Financial solutions to help NHS trusts reap the benefits of MMC projects

Jane Tabiner, managing director at asset finance provider, Solutions Asset Finance (SAF), explores how private-sector companies can support the NHS with financial solutions for much-needed equipment and facilities

Modules are installed for phase 2 of works at the Royal Orthopaedic Hospital in October 2020
Modules are installed for phase 2 of works at the Royal Orthopaedic Hospital in October 2020

It’s no secret that the NHS is currently facing its biggest capacity crisis in decades, with an estimated 4.7 million people awaiting surgical procedures. 

And this, combined with the continued fight against COVID-19 and the most-ambitious vaccine rollout in history, means the NHS needs to look for new and innovative ways to operate. 

To overcome the long-term ramifications of the pandemic, the NHS will require significant investment in the coming years, and budget allocation will be an important element of this. 

Moving forward, it is necessary to transform how the healthcare industry operates financially, as well as how it engages with the private sector

Typically, though, NHS budgets are limited and often used for the most-pressing issues plaguing hospitals at any given time. 

Moving forward, however, it is necessary to transform how the healthcare industry operates financially, as well as how it engages with the private sector. 

And sourcing alternative funding methods, such as private asset finance, is a viable way for decision-makers within NHS trusts to obtain the amount of budget required to invest in necessary facilities and equipment that allow vital work to continue.

Private funding and finance options

Complex processes around securing funding often make it difficult for NHS trusts to upgrade or replace ageing equipment or build new facilities.

And, because funding can be limited, projects that are not considered critical to the ongoing operation of the hospital cannot always be pushed through, with more-pressing issues being prioritised and therefore taking up the allocated budget. 

Moreover, NHS projects are often tied up in complex tendering processes, requiring extensive business cases and are managed via specific frameworks that sometimes make outright capital purchase the only option. 

It’s essential to raise awareness of the alternative finance options available and encourage a cultural shift in the perceptions of leasing agreements to ensure effective collaboration across sectors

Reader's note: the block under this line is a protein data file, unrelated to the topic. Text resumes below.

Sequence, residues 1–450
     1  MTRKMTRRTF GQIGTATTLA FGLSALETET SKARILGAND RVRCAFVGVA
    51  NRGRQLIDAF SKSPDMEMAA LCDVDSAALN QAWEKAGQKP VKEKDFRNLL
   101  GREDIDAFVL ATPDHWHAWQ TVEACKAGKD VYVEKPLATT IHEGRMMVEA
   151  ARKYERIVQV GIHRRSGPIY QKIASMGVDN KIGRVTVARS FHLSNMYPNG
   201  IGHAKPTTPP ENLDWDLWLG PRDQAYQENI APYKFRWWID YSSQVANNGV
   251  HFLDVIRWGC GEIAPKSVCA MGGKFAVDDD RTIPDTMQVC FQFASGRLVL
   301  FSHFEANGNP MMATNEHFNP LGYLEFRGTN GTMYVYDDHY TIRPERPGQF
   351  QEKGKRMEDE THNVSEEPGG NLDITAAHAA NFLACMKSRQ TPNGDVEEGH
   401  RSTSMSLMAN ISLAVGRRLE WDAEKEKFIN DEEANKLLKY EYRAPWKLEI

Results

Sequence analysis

This is a common theme when financing projects within the public sector as a whole and more needs to be done to raise awareness of potential flexible funding options and the host of benefits they bring. It’s through an understanding of the advantages of these agreements, as well as how to seek them, that perceptions of viable alternatives, such as leasing, will improve across the entire public sector. 

The NHS recognises the role that finance options can play in helping facilitate vital healthcare projects, and has established specific leasing procurement frameworks to ensure there are reliable and compliant suppliers available, who understand NHS specifications and requirements.

Accessing funding 

Funding solutions can be obtained in several ways, although typically they are made available by private companies that supply NHS trusts with medical buildings, equipment, devices, and more. 

Conversations with private suppliers about potential funding options should be the first point of contact for an NHS trust looking to invest in something new, but looking to avoid an upfront capital purchase. 

Chances are many of the suppliers that an NHS trust works with already will have a financial solution in place that can be utilised, meaning the trust can work with experts they’re already familiar with. 

And there’s much to be considered when determining what finance can be made available to meet the specific needs of a trust. 

However, the pre-determined budgets set for each organisation are the driving factors behind any agreements, and suppliers will implement the funding solution based on what the trust can afford and how long they will be needing the products, or facilities, in question.